Now that Google’s made some much-needed improvements to Gmail’s mobile webapp, should you abandon your smartphone’s email client for its browser? Let’s find out.
Sadly yesterday’s Gmail improvements only apply to the iPhone and Android, so today we’ll compare the various options for processing Gmail on those two platforms only. They are: Gmail’s mobile webapp (just visit Gmail in your phone’s web browser), the iPhone’s mobile Mail client (in the iPhone’s current release 2.2.1 and the upcoming 3.0), and Android’s built-in Gmail app.
Since Gmail offers IMAP, and every self-respecting smartphone platform has an email client that supports IMAP, everyone can get synced labels as IMAP folders, synced sent mail, and read and unread message status. But the features that set Gmail apart from any other email service—like threaded conversations, search, labels, stars, archiving—aren’t part of the IMAP protocol. Those are the ones we’re going to look at today on the iPhone and Android.
Enough text. Here’s a breakdown of those Gmail-specific features, and which ones are available in the client and in the browser on the iPhone/iPod touch and Android.
As you can see, iPhone users who want the best Gmail experience should seriously consider switching from Mail to the mobile webapp in Safari to get Gmail’s best stuff.
Android’s native Gmail client has full label support, with the ability to assign or remove multiple labels to any message, as shown on the right.
If you’re processing Gmail from the webapp or Android’s client, you have full access to your entire mail archive along with Gmail’s advanced search operators. That means that when you’re headed out to the restaurant to meet your friend Jane, but you forgot where you decided to go three weeks ago, you can search your Gmail for from:Jane dinner to pull up the address on your phone. Whether or not your IMAP client offers email search, it doesn’t support advanced operators like from:, to:, subject:, label:, has:, and +/-.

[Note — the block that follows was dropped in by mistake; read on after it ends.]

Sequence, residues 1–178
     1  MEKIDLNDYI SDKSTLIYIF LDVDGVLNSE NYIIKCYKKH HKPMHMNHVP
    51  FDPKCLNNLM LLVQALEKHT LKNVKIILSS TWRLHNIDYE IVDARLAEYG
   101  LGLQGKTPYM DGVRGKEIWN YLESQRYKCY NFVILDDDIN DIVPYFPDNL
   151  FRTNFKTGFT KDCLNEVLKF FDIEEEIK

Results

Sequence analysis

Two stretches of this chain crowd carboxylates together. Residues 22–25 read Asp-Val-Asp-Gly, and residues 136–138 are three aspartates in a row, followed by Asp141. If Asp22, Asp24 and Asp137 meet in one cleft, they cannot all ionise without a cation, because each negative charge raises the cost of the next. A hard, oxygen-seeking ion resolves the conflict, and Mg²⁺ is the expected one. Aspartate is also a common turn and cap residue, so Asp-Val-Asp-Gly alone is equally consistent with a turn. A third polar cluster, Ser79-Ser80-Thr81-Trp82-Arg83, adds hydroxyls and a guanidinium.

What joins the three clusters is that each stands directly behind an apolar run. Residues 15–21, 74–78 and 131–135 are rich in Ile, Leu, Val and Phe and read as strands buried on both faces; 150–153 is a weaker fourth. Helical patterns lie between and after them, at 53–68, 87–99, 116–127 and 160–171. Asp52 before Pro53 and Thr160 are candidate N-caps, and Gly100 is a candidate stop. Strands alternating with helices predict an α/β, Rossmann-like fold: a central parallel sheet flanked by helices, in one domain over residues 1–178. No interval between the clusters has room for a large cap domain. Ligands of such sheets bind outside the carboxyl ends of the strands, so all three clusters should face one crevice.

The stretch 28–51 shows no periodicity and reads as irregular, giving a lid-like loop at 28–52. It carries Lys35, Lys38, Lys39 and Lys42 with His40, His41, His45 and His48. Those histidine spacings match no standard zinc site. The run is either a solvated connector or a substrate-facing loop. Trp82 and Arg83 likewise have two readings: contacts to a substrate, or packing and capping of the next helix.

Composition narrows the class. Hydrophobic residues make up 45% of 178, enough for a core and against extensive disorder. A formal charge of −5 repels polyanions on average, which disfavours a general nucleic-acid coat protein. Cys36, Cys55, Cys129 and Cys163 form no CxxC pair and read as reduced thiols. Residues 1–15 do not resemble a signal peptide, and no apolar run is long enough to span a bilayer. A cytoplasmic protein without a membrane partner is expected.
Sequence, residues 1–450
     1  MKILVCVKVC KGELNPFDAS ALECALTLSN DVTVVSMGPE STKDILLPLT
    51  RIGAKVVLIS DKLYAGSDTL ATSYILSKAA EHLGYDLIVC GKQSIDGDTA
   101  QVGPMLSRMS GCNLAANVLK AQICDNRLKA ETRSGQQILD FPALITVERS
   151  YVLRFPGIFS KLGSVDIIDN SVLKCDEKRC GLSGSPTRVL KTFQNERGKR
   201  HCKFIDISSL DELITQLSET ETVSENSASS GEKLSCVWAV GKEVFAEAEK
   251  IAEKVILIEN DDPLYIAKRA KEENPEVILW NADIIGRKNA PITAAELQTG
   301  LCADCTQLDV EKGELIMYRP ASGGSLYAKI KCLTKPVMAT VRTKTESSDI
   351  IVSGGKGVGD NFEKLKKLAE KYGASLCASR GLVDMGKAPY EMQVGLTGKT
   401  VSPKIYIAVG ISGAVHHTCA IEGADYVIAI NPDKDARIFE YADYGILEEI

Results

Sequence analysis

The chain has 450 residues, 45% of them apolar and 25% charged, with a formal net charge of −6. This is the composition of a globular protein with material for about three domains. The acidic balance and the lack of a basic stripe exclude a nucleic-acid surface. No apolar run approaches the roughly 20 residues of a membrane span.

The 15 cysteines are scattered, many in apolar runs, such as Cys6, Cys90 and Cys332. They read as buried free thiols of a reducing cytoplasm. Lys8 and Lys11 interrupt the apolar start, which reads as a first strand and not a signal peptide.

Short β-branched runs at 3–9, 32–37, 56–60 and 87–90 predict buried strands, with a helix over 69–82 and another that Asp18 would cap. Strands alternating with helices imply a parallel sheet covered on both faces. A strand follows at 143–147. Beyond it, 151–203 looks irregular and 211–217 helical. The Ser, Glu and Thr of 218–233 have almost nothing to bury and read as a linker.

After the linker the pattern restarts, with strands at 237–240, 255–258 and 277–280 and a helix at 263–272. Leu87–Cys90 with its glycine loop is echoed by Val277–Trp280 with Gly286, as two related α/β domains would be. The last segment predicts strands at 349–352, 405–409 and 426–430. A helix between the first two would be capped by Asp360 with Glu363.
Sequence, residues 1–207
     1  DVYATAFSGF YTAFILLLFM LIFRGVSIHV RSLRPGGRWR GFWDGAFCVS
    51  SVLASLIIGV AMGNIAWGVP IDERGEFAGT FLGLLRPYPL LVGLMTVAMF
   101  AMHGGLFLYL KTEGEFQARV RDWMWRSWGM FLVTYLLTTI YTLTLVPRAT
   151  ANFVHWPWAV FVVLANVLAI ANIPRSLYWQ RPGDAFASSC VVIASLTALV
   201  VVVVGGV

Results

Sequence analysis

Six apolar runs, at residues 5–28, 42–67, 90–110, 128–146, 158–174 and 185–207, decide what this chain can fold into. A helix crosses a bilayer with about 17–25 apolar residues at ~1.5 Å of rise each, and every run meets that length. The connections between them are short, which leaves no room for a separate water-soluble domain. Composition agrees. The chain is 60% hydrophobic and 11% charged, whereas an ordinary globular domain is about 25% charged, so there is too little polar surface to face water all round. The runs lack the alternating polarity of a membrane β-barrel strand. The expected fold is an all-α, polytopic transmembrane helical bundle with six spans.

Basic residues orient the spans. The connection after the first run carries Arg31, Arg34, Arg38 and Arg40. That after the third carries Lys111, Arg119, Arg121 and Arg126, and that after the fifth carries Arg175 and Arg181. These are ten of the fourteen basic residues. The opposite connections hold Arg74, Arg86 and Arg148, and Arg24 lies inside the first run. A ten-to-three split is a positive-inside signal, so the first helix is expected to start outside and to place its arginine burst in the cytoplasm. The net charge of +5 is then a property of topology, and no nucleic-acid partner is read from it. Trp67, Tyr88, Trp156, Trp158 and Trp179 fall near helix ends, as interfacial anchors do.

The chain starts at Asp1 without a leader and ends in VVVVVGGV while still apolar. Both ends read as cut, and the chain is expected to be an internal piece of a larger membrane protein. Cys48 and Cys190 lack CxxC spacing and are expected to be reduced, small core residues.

Mail on the iPhone and iPod touch also supports selecting multiple messages and acting on them all in one shot (see this video demonstration). Batch processing is the one place where Android’s native Gmail app falls short—you cannot select multiple messages and act on them at once.
Offline Access: Because the revamped Gmail mobile webapp uses Google Gears on Android and HTML 5 on the iPhone, you can now read and compose email even when you’re not online in your mobile browser. Android’s native client also includes offline capabilities. When you’re in Mail on the iPhone and iPod touch, you can read already-downloaded messages and compose new ones.
Push Email: Nothing’s changed in this area, but it’s worth mentioning. Since the mobile Gmail webapp requires that you launch your browser to check mail, there are no automatic push notifications when new messages arrive. Android’s Gmail app offers up-to-the-second push, but vanilla iPhone Mail/IMAP does not. (However, Adam walked you through how to set up push email using a third-party solution last year.)
Archiving and Report Spam: You can “archive” email using Mail on the iPhone and iPod touch by just dragging and dropping messages into the “All Mail” folder, but you can’t report messages as spam. True archiving and spam reporting are available in both the mobile webapp and Android’s Gmail client.
As with all technology choices, your preferred mobile Gmail method depends on which features matter to you, but yesterday’s update made firing up a web browser on your handset to check email a lot more attractive.
What’s your preferred method for processing Gmail on your smartphone? Let us know in the comments.
Gina Trapani, Lifehacker’s founding editor, is totally impressed with the mobile Gmail webapp but is sticking with Android’s client. Her feature Smarterware appears each week on Lifehacker.